Ofra Tregerman, 52 years old and Jewish, said she didn't believe her Orthodox neighbors would go to a church to learn about Jesus. "My Christian friends will love it," she said. "But if you're Jewish, no."

Alex Stolyar is also Jewish and co-owns the ANB Baby store near Chosen People Ministries. "If you don't know much about religion and what they are all about, you might think they are a synagogue," he said.

Mr. Glaser, who earned a doctorate from Fuller Theological Seminary School of World Mission in Pasadena, Calif., said his congregation's beliefs were reflected in its name: Beth Sar Shalom, the house of the prince of peace. "Now, that should be a giveaway," he said. "The name tells the story."

Teenager Who Disappeared From Brooklyn School Is Found

A 15-year-old girl with severe emotional problems who walked out of her Brooklyn school this week and was missing for two days was found safe at a friend’s home on Thursday, officials said.

“As a parent and as a grandmother in particular, I’m relieved to announce that the child has been found,” the schools chancellor, Carmen Fariña, said during a visit to a charter school in Queens.

According to the police, the girl, Nashaly Perez Rodriguez, was found at the house of a friend in East New York, Brooklyn. The friend’s mother called the police on Thursday morning to say the girl was with her and officers picked her up around 7 a.m.

NYC to Fund Eight New Brooklyn Cultural Projects

Brooklyn’s rapidly expanding cultural district will receive significant funds from the $131 million allotted in the city’s 2015 capital budget for improvements and new facilities, reported DNAinfo on Thursday.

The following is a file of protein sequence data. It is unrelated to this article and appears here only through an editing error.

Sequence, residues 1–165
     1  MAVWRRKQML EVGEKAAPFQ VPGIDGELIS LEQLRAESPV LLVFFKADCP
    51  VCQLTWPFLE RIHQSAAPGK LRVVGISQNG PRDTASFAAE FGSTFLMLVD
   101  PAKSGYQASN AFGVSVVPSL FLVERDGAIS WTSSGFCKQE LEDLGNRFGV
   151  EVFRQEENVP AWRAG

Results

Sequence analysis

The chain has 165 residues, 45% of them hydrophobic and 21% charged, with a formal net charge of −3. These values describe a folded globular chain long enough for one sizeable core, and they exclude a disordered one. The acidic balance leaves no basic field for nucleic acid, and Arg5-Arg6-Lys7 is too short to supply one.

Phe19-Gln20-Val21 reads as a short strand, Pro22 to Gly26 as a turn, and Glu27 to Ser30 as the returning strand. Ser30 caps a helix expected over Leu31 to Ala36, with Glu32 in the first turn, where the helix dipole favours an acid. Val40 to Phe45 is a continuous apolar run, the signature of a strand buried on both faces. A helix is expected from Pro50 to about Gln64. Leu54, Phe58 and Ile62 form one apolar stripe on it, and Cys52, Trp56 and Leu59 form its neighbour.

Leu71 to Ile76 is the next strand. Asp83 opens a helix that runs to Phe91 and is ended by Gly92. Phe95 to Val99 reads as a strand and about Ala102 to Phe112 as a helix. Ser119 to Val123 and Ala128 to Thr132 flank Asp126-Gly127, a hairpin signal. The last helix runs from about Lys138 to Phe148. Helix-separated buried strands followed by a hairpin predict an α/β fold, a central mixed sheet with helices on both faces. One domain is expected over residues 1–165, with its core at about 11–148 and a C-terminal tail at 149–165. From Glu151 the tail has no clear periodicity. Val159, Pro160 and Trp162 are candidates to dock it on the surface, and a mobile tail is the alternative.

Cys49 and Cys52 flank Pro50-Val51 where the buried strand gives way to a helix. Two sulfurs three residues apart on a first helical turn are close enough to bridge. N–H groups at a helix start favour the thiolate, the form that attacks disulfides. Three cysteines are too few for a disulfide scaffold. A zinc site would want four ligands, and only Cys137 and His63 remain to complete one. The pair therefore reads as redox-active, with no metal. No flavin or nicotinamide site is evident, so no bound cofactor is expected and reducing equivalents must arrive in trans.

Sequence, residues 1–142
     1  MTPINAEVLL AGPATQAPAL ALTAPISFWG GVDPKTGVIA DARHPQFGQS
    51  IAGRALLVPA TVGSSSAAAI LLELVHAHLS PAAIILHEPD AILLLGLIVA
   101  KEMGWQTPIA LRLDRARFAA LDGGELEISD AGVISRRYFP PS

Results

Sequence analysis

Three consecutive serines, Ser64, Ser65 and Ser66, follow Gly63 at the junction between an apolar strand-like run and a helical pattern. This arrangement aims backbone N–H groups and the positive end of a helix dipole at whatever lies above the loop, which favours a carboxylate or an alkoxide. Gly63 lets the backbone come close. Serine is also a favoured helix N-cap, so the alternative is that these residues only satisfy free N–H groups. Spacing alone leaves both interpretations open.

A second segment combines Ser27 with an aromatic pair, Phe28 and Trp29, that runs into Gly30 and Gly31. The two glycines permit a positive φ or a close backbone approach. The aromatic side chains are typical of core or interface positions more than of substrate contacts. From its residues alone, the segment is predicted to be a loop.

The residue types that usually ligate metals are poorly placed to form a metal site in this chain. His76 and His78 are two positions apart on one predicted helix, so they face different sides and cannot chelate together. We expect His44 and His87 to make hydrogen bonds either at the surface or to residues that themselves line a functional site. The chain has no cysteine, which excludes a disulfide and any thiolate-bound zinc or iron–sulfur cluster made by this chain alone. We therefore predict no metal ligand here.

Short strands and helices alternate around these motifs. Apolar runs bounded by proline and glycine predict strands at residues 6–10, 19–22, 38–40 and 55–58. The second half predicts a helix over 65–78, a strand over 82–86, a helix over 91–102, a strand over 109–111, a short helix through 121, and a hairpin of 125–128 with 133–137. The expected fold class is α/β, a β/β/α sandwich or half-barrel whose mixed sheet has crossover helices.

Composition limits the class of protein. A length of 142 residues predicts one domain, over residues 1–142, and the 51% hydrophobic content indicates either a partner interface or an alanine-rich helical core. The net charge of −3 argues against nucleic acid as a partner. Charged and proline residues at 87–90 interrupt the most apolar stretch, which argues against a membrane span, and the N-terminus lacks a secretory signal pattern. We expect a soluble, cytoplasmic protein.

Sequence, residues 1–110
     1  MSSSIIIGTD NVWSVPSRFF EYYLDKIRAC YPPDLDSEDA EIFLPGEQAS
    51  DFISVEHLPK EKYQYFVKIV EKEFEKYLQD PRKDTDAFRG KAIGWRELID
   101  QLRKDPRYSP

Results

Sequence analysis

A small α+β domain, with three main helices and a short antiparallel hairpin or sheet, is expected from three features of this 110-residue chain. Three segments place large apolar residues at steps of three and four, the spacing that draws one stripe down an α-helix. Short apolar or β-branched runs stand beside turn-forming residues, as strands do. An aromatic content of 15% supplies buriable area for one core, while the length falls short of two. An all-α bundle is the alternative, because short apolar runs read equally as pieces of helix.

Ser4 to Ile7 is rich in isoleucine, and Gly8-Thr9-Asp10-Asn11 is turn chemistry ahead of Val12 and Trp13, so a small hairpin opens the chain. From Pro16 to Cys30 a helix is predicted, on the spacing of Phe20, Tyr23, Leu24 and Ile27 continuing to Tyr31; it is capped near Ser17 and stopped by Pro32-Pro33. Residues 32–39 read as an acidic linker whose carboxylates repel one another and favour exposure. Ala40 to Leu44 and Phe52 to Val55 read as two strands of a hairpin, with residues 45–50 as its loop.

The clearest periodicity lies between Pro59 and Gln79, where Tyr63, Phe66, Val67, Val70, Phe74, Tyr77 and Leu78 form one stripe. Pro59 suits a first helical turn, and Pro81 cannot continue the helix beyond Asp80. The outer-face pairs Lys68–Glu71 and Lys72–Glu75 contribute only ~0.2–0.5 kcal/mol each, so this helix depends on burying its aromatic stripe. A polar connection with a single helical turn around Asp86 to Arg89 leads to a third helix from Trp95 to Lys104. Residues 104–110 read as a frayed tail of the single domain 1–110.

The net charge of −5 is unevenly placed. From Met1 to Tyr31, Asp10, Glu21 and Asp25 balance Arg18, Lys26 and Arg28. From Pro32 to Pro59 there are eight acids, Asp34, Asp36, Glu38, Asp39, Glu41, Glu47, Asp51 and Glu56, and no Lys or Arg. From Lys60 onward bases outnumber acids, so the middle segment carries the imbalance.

Funding will go to eight new projects planned for the area’s institutions and non-profits. Expect new facilities and flashy changes at the Brooklyn Academy of Music (BAM), Brooklyn Museum, Museum of the Contemporary African Diasporan Arts (MoCADA), Brooklyn Navy Yard, Mark Morris Dance Center, and others.

BAM gets $5 million for expanding its theaters and a new archive space, as part of the “BAM South” tower development. That same tower will also house 651 ARTS’s first dedicated space on one 12,000-square-foot floor. The Brooklyn Museum is looking to build an educational space with its $4.4 million, but that likely won’t happen for several years.

MoCADA will pool funding from past years and the added $2.8 from the city for a new building, the details for which are still pending. Also vague are plans for the Brooklyn Navy Yards, which is set to receive $1.5 million.

The Mark Morris Dance Center and the Prospect Park Alliance will receive $400,00 and $500,000 respectively, for converting terraces to studio space and prettying-up Flatbush Avenue.

In first place with the most funding allocated is the Brooklyn Botanic Garden, which will get $5.3 million to build a brook and water garden for conserving stormwater. Conscious of the city’s flooding issues in the wake of Hurricane Sandy, a spokeswoman explained that the projects would have “mechanisms to prevent flooding,” according to DNAinfo.

Read more at